How did you get on with Part 1? Did you pick up some points that you may need to address to help that tummy recovery?
Here are a couple more points that will make all the difference to how the tummy muscles recover and how to optimise their function.
Believe it or not, how we breathe will have an impact on how the abdominal muscles can function and if breathing is not at its optimum pattern then it will inhibit how the abdominals can work. Your diaphragm, part of your breathing muscle system is attached to the lower edges of your ribs and depending on how the baby sits during pregnancy, the position of the baby can cause tightness in the diaphragm. This in turn can cause a ‘flare’ in the ribs because the tight diaphragm isn’t allowing the ribs to descend properly on a breath out (you may feel bigger around the ribs and you may have even gone up in a bra size). To help change this you need to breathing in the best way – when you breathe in you need to imagine that the start of the breath is the middle of a cut tree trunk and as you fill up with air you are expanding in all directions so you are filling up following the rings on the tree trunk. It may also be necessary to need some soft tissue release work around the ribs, tummy and back to help the tissues let go and then allow you to breathe properly. I can do this soft tissue work with you and you will feel much freer and looser around the whole rib area which in turn will let the abdominals work optimally.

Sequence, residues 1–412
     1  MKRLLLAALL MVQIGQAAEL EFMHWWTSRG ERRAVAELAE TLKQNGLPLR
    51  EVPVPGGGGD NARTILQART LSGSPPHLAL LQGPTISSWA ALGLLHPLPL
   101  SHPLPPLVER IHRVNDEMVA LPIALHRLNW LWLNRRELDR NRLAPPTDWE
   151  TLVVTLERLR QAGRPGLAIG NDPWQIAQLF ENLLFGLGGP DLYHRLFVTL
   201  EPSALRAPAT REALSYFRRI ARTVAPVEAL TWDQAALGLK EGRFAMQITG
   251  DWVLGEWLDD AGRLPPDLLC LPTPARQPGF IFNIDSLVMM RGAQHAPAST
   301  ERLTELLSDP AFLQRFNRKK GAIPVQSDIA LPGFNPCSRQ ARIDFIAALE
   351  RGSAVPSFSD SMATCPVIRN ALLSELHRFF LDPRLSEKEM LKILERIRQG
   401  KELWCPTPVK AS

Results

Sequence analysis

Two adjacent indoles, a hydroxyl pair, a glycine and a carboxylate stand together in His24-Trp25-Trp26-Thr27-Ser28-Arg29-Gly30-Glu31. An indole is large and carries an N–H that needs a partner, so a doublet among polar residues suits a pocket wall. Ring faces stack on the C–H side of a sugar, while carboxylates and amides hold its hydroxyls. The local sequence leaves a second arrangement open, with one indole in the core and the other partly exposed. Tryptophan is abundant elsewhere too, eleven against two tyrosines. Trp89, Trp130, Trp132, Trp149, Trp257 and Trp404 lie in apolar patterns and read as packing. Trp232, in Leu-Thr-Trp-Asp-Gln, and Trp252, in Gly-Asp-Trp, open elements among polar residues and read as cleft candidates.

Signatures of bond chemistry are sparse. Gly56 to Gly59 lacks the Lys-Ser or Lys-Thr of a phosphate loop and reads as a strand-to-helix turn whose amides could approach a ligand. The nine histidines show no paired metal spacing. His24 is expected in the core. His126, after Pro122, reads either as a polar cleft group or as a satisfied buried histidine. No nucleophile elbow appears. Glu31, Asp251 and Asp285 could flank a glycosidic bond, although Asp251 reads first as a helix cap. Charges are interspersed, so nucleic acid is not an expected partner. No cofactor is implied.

Stress levels will also have an impact on how your tummy recovers. Having a baby can be a pretty stressful time as it has such an impact on your life and that of the family unit. Sleep deprivation is often a big part of stress levels and there’s always a bit of that with a new baby. Cortisol is your stress hormone, and changes in sleep and your daily routine is enough to upset the levels of cortisol in your system. If you have a high level of cortisol in your blood stream then your body’s response will be to hang on to body fat as a defence mechanism to try and fight the stress. Hanging on to body fat was a good thing when stress was caused by running from wild animals whilst hunting but these days it’s not such a welcome response so it’s more important to keep stress levels in check. It may be hard to think about taking time out to get on top of this but it only takes 10 mins to do some relaxation/meditation and it could be that 10 mins that makes all the difference to your ability to burn body fat if that is what you are wanting to achieve.